Creating Change Through Music: Two talented artists, from two different cultures and generations, play music to raise awareness about natural hazards and climate change. Dr. Lucy Jones, who is also a renowned Californian seismologist, will perform her piece, “In Nomine Terra Calens”, or “In the Name of a Warming Earth”, to reflect on the effects of climate change. Tafa Mi Soleil, a young Haitian singer and artist, will share with us a song she created to help spread the word of disaster risk reduction and preparedness in her local country. Over 5 million Haitians have heard this song already! The two women will then have a conversation about their work in connecting science and art in service of creating a more resilient world.
The video was shot with the artists in both Port Au Prince and Los Angeles, and was directed by Emiliano Rodriguez Nuesch from Pacífico. This performance was made possible with support from FM Global.
Tafa Mi Soleil
Singer and Composer
Tafa Mi-Soleil, whose full name is Evenie Rose Thafaina Saint Louis, is a 22-year-old soul artist, born in Fort Jacques, Haiti, first known for her collaboration on albums by D-Fi Powèt Revolte and other Haitian rappers. Her first single Mizik Sove Vi m Pt 2 who announced her solo career was a great success with more than 2.5M views on Youtube in the space of 6 months. She just released a single “Chita Tann Ou” and is currently working on her EP “Reponn” which is due to be released next December. Tafa is also a stylist, she has her own line of fashion clothes and accessories. She also makes painting, she is a writer, plays and dances. Tafa is a member of the Evazyon Mizik label, of which she is a founding member and where she works as a producer. In 2020 Tafa co-created a song to spread the word of disaster risk reduction and preparedness in her local country, which impacted more than 5 million Haitians already.
Dr Lucy Jones
Scientist and Musician
Dr. Lucy Jones is the founder and Chief Scientist of the Dr. Lucy Jones Center for Science and Society, with a mission to foster the understanding and application of scientific information in the creation of more resilient communities, and a Research Associate at the Seismological Laboratory of Caltech. With a Bachelor of Arts in Chinese Language and Literature from Brown University and a Ph.D. in Geophysics from MIT, Dr. Jones has been active in earthquake research for decades, furthering earthquake risk reduction, including 33 years of federal service with the US Geological Survey. Her work at the USGS included developing the methodology for estimating the probability that an earthquake will be a foreshock to a bigger event, leading the creation of a national science strategy for natural hazards research, creating the first American major earthquake drill, the Great ShakeOut, that has expanded to now encompass over 60 million participants around the world in 2019 and writing over 100 published papers on statistical seismology and integrated disaster scenarios. Her pioneering science was recognized with the Samuel J. Heyman Service to America Medal (one of just eight awarded to federal employees in 2015), the Ambassador Award from the American Geophysical Union, the Distinguished Service Award from the US Department of Interior, the Lifetime Achievement Award from the Western States Seismic Policy Council, and the 2000 Alquist Medal and the 2017 Distinguished Lecture Award both from the Earthquake Engineering Research Institute.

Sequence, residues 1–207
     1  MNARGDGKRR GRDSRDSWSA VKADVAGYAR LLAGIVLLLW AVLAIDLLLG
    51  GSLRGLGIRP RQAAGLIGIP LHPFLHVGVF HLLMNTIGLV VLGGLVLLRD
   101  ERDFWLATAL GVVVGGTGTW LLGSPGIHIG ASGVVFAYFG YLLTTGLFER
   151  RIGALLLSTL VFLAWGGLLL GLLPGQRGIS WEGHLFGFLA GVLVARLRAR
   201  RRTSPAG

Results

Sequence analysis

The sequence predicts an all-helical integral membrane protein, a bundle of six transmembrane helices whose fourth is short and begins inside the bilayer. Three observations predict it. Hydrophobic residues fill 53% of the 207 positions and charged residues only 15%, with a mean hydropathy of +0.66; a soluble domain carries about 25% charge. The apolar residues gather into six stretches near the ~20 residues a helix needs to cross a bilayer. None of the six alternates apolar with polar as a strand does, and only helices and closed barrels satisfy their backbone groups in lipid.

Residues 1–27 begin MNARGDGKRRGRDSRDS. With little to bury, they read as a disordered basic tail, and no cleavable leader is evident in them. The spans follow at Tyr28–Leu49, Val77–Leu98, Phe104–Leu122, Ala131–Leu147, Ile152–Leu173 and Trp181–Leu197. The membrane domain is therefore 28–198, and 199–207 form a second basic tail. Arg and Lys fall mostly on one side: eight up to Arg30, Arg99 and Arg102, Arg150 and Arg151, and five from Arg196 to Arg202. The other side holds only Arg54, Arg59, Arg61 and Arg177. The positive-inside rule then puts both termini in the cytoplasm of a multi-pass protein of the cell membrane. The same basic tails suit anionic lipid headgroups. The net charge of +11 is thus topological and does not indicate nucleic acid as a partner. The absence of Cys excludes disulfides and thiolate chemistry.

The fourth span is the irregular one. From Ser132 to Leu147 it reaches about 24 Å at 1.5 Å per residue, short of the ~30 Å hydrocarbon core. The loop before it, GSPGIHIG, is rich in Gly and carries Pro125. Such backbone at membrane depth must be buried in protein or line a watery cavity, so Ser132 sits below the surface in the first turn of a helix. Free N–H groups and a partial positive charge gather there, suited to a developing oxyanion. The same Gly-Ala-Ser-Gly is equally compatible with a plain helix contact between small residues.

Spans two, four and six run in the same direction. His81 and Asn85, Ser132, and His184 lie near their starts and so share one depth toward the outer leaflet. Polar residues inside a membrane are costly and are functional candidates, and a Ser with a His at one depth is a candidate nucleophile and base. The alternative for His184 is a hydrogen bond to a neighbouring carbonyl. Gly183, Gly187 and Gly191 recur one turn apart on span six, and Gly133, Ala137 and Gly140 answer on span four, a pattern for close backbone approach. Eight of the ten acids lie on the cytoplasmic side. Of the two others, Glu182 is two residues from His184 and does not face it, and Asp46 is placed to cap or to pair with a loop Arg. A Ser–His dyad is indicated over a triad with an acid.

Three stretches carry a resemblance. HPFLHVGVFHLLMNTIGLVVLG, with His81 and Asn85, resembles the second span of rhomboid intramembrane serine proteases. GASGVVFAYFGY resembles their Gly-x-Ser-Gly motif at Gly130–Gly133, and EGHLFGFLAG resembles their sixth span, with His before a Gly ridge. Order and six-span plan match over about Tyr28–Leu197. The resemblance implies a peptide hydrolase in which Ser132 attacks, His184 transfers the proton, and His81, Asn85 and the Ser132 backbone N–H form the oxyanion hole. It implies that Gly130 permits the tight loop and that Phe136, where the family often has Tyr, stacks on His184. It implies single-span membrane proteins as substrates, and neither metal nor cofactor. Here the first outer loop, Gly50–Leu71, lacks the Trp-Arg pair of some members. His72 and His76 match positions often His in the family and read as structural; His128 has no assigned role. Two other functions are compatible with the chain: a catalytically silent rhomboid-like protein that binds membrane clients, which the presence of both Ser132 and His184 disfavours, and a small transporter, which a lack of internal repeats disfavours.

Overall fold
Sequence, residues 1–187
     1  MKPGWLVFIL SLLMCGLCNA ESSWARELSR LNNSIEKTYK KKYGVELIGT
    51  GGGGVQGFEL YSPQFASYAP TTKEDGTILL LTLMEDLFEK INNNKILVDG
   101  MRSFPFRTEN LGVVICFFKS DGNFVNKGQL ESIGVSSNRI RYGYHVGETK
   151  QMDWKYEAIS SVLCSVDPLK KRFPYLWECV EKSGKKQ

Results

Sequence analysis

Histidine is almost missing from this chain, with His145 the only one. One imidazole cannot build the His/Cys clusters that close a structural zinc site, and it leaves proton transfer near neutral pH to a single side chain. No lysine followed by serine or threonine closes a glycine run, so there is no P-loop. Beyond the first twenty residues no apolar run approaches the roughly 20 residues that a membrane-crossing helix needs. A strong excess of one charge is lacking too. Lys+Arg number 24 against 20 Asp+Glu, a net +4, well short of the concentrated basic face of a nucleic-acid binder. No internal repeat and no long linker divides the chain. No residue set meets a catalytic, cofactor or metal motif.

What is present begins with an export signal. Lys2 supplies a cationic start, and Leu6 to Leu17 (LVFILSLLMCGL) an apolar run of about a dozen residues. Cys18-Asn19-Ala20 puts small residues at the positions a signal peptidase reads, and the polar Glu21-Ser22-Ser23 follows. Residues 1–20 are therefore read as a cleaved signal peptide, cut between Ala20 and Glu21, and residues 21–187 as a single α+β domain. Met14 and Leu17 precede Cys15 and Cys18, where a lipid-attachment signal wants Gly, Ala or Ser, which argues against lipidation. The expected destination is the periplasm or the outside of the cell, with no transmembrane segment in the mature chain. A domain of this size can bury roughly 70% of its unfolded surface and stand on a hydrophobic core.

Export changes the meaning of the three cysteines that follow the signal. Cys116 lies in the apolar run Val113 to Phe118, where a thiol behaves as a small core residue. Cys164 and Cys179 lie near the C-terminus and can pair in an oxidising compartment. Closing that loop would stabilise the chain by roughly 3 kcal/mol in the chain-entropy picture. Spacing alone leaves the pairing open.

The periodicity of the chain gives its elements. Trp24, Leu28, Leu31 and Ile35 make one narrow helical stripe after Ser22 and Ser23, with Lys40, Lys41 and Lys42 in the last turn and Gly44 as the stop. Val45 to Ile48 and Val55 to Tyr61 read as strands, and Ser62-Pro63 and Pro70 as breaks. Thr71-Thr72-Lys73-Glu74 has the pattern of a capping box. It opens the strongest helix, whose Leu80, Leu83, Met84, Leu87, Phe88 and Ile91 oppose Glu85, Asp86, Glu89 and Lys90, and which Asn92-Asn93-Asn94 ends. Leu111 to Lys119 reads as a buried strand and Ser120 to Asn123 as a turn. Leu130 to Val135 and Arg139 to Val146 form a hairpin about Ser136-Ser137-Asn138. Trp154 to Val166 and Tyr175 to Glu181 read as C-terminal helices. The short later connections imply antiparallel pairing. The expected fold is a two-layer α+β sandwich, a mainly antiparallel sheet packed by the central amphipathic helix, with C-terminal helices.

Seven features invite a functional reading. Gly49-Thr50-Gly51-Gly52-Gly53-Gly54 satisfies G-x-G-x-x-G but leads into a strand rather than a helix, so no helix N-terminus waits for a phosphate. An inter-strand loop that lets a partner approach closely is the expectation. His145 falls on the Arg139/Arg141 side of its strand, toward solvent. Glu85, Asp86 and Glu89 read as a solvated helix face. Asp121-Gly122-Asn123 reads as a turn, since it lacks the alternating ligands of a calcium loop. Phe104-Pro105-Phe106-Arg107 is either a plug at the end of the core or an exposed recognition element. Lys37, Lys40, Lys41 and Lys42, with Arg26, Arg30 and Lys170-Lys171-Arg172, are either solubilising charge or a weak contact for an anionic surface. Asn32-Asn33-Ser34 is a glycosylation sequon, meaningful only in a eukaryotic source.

Host of UR2020
From the early outbreak aboard a cruise ship to the abrupt fall of the country’s longest serving prime minister, Kaori Enjoji spent most of 2020 in Japan reporting about the pandemic and its social, political and economic impact for CNN.
After graduating from Columbia University’s Graduate School of Journalism, she joined Reuters as a correspondent to work in the Tokyo and London bureaus. She later switched to television to serve as CNBC’s bureau chief based in Tokyo. Storytelling has been her passion since she first saw the World Press Photo exhibition as a teenager growing up in Amsterdam. Kaori was raised on three continents and is bilingual in English and Japanese. She is also proficient in Dutch and French. She reports for print, television and online media by melding those languages and cultures in an unscientific mix. She is currently working on a documentary project to mark the ten years since the Fukushima nuclear disaster. In her free time, Kaori enjoys being beaten in a good game of shogi by her teenage son.